Objection Form


Why UFF has rights to install work without prior consent

The work we have proposed to complete in the shared accessway/ multi dwelling unit has been classed as a Category 1 or 2 Installation under the Property Access Regulations.

Category 1 – This is where the installation work will have a minimal lasting effect on your shared accessway or common area.

Category 2 – This is where the installation work may have some physical impact on your shared accessway or common area.

These are the categories of work that UFF is permitted to install by notification rather than by obtaining prior written consent.

What you can object to

The Property Access Regulations are designed to enable faster and simpler connections to ultrafast broadband. This means that there are limited grounds for those who share the area where we are installing our asset to lodge an objection.

You can lodge an objection if the work we have informed you of is a Category 2 Installation.

If the notice with this pamphlet is for a Category 1 installation, the Property Access Regulations do not permit objections. This is because we have been granted rights under part 4 of the Telco Act to proceed with that type of installation.

Below we explain what the grounds are so you can assess if your objection to a Category 2 Installation fits into these categories. These are set out at section 155N of the Telco Act.

Please be aware that we may ask for more information to verify if these grounds have been met before we cancel or re-design any planned Category 2 installation work.

Ground 1.  If you dispute the property ownership of the property on which we plan to carry out the planned installation work. We may ask for evidence that there is an ongoing dispute (if that can be done without breaking any confidentiality arrangements you have in place if the dispute is in court or disputes tribunal for example).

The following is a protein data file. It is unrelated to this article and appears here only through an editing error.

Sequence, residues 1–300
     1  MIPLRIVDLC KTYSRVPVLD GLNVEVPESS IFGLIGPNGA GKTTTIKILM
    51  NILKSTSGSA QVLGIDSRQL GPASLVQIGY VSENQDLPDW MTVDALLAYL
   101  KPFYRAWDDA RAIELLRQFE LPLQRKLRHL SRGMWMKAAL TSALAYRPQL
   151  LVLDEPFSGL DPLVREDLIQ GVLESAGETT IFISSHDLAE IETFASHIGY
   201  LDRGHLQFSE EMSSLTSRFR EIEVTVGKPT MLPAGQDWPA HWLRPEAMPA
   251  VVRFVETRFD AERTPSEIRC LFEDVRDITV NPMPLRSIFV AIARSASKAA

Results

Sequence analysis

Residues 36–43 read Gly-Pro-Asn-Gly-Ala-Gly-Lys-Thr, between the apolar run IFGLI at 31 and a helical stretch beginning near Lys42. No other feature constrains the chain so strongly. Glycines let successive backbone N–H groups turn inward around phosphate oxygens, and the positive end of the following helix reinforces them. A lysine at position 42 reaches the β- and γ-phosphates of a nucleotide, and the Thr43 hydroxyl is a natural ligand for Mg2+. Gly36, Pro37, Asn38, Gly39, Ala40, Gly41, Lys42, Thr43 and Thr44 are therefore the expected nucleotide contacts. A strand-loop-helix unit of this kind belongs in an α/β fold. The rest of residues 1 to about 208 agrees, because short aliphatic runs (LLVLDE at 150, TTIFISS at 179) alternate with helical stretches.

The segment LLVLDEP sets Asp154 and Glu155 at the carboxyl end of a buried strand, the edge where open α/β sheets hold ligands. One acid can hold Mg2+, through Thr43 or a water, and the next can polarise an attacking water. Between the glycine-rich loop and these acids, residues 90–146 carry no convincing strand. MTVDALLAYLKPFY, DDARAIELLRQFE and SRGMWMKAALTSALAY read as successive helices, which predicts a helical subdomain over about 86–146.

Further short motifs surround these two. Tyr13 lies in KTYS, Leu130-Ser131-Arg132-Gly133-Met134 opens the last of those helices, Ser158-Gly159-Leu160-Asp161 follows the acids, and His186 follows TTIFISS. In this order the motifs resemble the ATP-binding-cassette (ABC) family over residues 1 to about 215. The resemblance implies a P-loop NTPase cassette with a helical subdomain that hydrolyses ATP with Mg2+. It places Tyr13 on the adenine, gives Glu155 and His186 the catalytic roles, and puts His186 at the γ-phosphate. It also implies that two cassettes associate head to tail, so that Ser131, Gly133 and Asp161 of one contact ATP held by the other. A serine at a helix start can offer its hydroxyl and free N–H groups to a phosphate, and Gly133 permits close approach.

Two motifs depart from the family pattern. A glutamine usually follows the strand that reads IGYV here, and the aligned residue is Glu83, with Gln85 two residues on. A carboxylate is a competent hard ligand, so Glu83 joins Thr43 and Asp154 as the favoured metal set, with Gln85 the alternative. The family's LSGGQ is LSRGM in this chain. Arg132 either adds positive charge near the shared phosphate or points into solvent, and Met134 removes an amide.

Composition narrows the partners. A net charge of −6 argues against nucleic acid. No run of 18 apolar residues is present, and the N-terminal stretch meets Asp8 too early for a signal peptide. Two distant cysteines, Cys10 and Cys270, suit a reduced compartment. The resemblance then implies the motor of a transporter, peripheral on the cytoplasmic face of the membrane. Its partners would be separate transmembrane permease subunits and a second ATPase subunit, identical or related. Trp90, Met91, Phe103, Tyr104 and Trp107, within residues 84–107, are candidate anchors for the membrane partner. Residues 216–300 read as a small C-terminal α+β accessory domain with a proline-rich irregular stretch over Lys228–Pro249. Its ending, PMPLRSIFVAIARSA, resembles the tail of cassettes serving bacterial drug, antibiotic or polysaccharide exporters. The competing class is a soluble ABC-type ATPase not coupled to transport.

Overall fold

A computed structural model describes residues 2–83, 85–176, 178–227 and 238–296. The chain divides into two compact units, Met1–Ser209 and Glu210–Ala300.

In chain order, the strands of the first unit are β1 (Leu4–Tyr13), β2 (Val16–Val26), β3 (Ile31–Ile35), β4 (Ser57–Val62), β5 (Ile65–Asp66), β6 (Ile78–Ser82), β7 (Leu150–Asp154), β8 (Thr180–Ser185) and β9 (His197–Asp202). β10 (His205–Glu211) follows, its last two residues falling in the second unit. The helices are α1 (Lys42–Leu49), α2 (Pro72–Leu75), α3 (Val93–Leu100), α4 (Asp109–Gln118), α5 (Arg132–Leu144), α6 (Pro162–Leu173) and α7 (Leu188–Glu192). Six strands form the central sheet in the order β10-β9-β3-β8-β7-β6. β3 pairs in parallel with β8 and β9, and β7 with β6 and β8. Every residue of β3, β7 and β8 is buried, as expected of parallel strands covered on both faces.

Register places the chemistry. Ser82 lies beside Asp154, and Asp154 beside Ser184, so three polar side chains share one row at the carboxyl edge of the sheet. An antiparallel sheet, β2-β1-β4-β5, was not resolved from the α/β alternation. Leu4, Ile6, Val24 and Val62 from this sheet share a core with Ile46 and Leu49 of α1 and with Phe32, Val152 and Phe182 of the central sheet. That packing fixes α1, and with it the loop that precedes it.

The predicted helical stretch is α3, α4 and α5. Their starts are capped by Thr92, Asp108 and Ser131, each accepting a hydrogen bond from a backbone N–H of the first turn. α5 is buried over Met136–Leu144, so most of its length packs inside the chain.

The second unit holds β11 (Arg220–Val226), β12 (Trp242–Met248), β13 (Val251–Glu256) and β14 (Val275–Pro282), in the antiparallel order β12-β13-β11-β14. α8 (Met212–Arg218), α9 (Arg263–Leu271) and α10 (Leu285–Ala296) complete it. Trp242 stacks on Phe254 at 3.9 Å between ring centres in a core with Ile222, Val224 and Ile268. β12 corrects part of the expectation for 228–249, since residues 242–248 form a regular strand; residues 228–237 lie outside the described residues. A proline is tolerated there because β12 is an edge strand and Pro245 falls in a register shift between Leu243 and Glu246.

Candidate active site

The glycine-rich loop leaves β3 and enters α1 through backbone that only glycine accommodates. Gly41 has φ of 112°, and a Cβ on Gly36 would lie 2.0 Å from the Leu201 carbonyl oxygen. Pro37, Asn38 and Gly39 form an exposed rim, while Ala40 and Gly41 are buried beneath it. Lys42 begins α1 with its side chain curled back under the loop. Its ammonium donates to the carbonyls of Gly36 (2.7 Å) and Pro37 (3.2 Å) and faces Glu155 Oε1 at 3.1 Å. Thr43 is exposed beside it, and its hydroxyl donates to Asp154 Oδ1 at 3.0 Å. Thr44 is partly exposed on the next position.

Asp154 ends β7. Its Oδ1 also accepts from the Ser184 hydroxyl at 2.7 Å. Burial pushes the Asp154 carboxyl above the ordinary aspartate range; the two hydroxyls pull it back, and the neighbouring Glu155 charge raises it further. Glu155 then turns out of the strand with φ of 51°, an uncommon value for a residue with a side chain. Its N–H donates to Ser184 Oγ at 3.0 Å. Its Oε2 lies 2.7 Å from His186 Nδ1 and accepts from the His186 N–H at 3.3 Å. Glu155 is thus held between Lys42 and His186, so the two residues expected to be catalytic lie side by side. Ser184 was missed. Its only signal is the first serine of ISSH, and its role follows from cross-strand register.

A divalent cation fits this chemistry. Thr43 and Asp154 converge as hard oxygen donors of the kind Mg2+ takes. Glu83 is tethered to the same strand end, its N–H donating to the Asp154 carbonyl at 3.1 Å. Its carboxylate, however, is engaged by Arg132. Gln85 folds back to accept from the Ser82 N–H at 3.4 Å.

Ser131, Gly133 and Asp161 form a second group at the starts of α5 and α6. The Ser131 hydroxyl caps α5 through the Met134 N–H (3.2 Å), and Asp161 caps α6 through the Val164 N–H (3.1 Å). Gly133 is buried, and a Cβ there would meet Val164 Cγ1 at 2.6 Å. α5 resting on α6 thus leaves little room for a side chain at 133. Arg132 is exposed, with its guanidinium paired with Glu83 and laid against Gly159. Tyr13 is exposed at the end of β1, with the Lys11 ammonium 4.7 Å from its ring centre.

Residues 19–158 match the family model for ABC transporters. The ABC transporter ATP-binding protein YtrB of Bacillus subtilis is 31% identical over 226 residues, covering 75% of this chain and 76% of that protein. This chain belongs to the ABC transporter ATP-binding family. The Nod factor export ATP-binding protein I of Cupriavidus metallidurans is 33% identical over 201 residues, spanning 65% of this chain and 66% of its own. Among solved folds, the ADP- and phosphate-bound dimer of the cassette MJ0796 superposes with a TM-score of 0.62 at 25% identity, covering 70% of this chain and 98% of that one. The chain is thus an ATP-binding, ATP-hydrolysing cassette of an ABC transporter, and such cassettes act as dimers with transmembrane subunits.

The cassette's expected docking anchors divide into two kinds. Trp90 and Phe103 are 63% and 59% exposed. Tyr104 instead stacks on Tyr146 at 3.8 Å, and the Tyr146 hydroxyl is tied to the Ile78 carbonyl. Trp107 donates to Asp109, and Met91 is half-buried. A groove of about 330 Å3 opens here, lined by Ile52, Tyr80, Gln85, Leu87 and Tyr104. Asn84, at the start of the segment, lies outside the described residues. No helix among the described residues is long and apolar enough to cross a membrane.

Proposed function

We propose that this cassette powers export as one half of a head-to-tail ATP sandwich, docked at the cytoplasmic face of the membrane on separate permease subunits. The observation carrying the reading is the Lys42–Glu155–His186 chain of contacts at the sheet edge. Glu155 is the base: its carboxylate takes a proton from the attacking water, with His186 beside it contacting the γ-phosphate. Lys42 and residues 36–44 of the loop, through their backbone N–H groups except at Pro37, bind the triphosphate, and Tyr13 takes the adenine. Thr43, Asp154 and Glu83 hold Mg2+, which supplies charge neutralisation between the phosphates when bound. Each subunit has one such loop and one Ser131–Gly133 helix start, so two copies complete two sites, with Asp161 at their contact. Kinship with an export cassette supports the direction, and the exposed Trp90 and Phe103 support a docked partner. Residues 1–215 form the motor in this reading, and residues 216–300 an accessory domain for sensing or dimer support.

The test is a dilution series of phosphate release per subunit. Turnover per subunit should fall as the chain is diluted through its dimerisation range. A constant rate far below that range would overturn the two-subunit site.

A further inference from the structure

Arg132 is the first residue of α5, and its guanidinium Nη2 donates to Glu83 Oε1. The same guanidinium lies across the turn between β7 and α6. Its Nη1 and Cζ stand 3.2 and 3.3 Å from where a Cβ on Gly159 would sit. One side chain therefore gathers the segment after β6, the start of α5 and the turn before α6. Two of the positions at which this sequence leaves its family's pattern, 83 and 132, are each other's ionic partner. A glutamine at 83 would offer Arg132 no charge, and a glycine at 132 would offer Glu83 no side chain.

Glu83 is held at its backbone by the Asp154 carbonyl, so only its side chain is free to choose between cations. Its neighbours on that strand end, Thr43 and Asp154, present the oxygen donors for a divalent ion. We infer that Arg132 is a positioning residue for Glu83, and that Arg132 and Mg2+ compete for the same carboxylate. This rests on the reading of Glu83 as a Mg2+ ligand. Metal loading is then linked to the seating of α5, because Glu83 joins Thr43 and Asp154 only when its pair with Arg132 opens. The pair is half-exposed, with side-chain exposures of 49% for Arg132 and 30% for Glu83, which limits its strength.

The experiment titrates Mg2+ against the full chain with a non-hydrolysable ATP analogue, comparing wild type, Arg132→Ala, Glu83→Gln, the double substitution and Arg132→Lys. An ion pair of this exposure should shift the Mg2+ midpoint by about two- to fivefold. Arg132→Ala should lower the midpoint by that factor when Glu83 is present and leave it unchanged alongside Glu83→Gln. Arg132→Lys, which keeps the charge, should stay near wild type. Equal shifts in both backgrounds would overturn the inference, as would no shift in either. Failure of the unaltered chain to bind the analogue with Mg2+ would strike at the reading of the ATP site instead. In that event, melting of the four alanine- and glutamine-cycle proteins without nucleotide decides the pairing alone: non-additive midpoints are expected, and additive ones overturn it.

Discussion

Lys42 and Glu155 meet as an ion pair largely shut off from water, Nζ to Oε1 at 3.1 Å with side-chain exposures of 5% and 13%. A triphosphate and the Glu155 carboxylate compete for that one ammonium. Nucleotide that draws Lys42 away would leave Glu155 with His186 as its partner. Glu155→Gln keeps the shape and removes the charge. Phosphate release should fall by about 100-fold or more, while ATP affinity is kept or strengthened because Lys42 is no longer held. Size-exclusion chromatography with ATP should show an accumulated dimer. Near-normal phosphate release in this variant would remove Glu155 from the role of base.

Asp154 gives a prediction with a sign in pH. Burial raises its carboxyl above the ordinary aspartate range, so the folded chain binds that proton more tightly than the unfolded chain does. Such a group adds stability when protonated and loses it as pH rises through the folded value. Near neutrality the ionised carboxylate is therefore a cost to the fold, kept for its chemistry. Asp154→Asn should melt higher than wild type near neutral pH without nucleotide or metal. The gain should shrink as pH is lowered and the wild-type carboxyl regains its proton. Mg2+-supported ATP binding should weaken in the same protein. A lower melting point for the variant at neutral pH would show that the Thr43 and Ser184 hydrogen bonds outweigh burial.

Ground 2.  You can demonstrate that the planned installation work will have a materially negative impact on the value of your property. We may ask you for valuation reports to verify this.

Ground 3.  You can identify ways that the work will impact your enjoyment (i.e. use) of the property or how it will worsen an existing problem with the property. Please note that the Property Access Regulations excludes visual impact so this is not a ground you can object on. We may ask you for photographs to help us to understand how your enjoyment (i.e. use) of the property or how an existing problem is worsened.

Ground 4.  You can demonstrate that the planned work will impede (i.e. delay or prevent) your plans to develop the property. We may ask for plans or consents that you have drawn up or approved to help us to see that there are planned developments.

Ground 5.  You have an easement over the property that will be affected by the Planned Installation Work and you can demonstrate that the work will have an enduring impact on the terms and conditions of your easement. We can obtain a copy of the easement instrument if you supply the details of it. We may ask you for details of the exact terms and conditions in that easement will be affected.

How long you have to lodge an objection

You can lodge an objection within 15 working days of the date you receive the notice enclosed with this pamphlet.

How to lodge an objection

Online is the best way. Please visit  www.ultrafastfibre.co.nz/objection/ to lodge your objection using our online form.
0800 223 340

What happens if you lodge an objection

Ultrafast Fibre won’t start any Planned Installation Work until we have assessed your objection.

We will make a decision about whether your objection is accepted or not. We will let you know the outcome as soon as we can.

What happens if you do not agree with our decision about your objection

You have the right to refer this to the Utilities Disputes scheme. We’ve provided more details on that [over the page/below].

What happens if the person requesting our fibre service does not agree with your objection?

We must let the person who placed the order with us know about the objection you raise. They also have the right to dispute the objection by referring the issue to the Utilities Disputes scheme.